It’s fair to say that a lot of retired NBA players frown upon the current trend of the league’s best players forming a “super team” in order to make winning championships easier. Few of them speak about this topic openly because they don’t want to seem like sourpusses, but Charles Barkley doesn’t really care hurting anyone’s feelings when expressing himself, one of the many reasons Barkley is a basketball treasure. In an interview with The Starters‘ Tas Melas, Barkley addresses the rumors of Carmelo Anthony to the Miami Heat using only words deemed acceptable by the FCC.
Barkley: “You know what, I’m not sure that I can use the language I want to use to express my dismay. Let me tell you something, man – if that happens it will be a travesty for the game. I don’t understand why these guys are afraid to compete against each other. That’s what sports are, a competition. And for them to try to hijack the league like they’ve already done one time and then bring in Melo. I think it’ll be a travesty for the NBA. And I just don’t understand why today’s players don’t want to compete against each other. You know, the old heads like myself, we didn’t agree with LeBron coming to Miami. He was the best player in the league and if they bring in Carmelo I just think it would be a travesty for the NBA. And as much Heat hate that I have, it would only grow.
Melas: But do you think it’s a guarantee they would win the championship with him because I don’t.
Barkley: (laughs) Well then you don’t … (laughs). Well I can give you the other teams. Listen, if they get, man, they already got LeBron. If they get Carmelo, they would be the overwhelming favorite.
Audio courtesy of Waddle and Silvy of ESPN Chicago Radio
Pundits have recently asked the question why superstar players are getting so much criticism for attempting to play on the same team. This question insinuates that general managers would be exempt from criticism, but also conveniently leaves out examples of the league blocking trades that gave one team too much of an advantage. That said, there’s a huge difference between drafting guys or acquiring supposed steals in a trade, and having three of the top ten players in the league signing to one team would be ridiculous in any basketball era.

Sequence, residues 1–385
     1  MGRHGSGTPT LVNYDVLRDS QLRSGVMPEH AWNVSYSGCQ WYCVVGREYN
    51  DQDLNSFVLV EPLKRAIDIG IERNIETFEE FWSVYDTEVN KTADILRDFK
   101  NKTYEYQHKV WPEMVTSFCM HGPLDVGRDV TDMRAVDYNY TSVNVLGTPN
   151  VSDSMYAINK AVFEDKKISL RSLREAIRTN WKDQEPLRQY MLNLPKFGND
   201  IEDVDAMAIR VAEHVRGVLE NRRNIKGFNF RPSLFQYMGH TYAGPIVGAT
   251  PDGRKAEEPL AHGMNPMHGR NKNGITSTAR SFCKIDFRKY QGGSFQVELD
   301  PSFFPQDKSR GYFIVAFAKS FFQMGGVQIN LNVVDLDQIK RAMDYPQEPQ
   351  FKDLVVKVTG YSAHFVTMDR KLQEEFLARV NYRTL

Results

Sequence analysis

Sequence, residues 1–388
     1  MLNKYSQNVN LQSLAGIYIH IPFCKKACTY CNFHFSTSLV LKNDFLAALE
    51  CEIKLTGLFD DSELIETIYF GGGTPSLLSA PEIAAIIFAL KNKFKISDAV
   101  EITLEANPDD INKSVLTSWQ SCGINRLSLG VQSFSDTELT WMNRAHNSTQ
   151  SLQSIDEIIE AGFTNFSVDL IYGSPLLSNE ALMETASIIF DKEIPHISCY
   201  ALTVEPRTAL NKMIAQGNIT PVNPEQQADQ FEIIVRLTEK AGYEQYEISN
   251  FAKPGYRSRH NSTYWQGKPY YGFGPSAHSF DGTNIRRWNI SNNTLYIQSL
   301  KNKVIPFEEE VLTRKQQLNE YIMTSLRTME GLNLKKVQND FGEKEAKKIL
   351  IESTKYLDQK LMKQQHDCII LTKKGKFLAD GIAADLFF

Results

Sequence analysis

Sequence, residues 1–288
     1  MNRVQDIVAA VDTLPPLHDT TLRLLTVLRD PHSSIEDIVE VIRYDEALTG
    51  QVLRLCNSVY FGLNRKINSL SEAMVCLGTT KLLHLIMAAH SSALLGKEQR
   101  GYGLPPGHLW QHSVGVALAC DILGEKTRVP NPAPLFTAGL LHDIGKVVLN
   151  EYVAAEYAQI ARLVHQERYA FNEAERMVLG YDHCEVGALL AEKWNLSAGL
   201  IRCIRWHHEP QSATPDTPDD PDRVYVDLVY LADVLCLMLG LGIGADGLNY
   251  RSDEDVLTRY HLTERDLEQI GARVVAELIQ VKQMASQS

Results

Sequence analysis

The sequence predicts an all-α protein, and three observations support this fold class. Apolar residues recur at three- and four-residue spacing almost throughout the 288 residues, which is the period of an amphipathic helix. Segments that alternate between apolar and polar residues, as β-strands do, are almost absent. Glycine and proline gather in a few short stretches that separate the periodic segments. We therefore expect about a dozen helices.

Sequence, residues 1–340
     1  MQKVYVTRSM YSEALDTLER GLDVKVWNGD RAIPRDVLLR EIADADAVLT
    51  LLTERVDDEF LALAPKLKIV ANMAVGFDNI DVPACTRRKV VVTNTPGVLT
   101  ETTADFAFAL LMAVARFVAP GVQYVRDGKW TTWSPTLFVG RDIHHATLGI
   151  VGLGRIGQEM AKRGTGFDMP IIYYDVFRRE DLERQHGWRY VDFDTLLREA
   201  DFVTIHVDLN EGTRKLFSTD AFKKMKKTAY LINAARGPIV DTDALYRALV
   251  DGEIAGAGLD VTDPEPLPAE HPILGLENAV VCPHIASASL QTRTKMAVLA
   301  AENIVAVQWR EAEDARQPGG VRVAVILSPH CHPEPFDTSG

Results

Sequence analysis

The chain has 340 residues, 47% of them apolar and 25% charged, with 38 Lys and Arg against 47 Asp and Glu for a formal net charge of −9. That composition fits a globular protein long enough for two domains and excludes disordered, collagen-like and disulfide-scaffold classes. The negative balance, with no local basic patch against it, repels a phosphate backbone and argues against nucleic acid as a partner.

There’s a vast difference between the 2010-2011 Miami Heat and 2012-2013 Los Angeles Lakers. Chris Bosh, LeBron James, and Dwyane Wade in their primes are on a completely different level than washed-up Steve Nash, over the hill Kobe Bryant, and an injured Dwight Howard. General managers would never trade three of the league’s best players onto the same team. Yes, there have been some idiotic trades in league history, but none that resulted in a third Hall of Famer joining a team while still in their prime.
Barkley’s biggest gripe is that today’s players are seeking to forge a legacy of greatness by overwhelming other teams with their talent. The cornerstone of his argument is competition. Rings are important, sure, but their value is diminished if the players keep stacking the best talent onto the same team in an attempt to win the championship before the season even begins. The San Antonio Spurs defeated the Heat by a record 70 total point differential in the 2014 NBA Finals) yet the Heat are acting like the world just ended – Will LeBron James stay? Is Chris Bosh worth it? Is Dwyane Wade too old?
What happened to just getting your butt kicked? The Big 3 are not just looking for improvements; they are looking for guaranteed championships. Good teams lose all the time. It took Pat Riley repeating the obvious for a lot of people to remember that fact, but it’s true.
The 2013 Spurs were a good team and lost because of a crazy sequence near the end of regulation in Game 6 of last year’s NBA Finals. Everything does not have to change because of a painful loss. Winning a title is hard and sustaining that excellence is even harder. That’s what was so miraculous about the Chicago Bulls during the 90s’ three-peats. They were defying logic. The Bulls were so good that other great teams of the period are forgotten because the Bulls dominated the era. Between 1988 and 1998, the Bulls went to eight Eastern Conference Finals and won six titles. Their front office found ways to retool the roster every year, and sometimes they lost. Every team does, even those with a king on the roster.
Barkley has a fair point when he criticizes the Heat’s Big 3 for seeking to avoid competition. Today’s superstars want to overwhelm teams by putting the most talent on a few teams which also weakens the competition they have to beat to win a title. Talent is neat, but talent is not the primary reason the Spurs won the 2014 NBA Finals. Adding Carmelo Anthony to the team would have just made the Finals loss to the Spurs even funnier. The wound is still fresh, but maybe the Big 3 will accept some blame for the loss after a summer vacation.